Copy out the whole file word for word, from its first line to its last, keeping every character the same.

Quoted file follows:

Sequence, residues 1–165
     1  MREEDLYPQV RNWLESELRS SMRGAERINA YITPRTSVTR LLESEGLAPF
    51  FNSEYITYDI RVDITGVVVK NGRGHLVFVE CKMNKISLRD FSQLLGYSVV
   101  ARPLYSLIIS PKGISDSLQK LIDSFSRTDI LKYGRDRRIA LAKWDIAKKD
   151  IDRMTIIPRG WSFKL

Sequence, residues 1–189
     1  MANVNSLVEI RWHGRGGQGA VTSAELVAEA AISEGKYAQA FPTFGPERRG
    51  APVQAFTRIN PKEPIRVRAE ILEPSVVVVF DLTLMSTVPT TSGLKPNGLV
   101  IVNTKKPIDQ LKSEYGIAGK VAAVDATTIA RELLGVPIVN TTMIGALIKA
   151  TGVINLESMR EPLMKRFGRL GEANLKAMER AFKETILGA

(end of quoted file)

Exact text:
Sequence, residues 1–165
     1  MREEDLYPQV RNWLESELRS SMRGAERINA YITPRTSVTR LLESEGLAPF
    51  FNSEYITYDI RVDITGVVVK NGRGHLVFVE CKMNKISLRD FSQLLGYSVV
   101  ARPLYSLIIS PKGISDSLQK LIDSFSRTDI LKYGRDRRIA LAKWDIAKKD
   151  IDRMTIIPRG WSFKL

Sequence, residues 1–189
     1  MANVNSLVEI RWHGRGGQGA VTSAELVAEA AISEGKYAQA FPTFGPERRG
    51  APVQAFTRIN PKEPIRVRAE ILEPSVVVVF DLTLMSTVPT TSGLKPNGLV
   101  IVNTKKPIDQ LKSEYGIAGK VAAVDATTIA RELLGVPIVN TTMIGALIKA
   151  TGVINLESMR EPLMKRFGRL GEANLKAMER AFKETILGA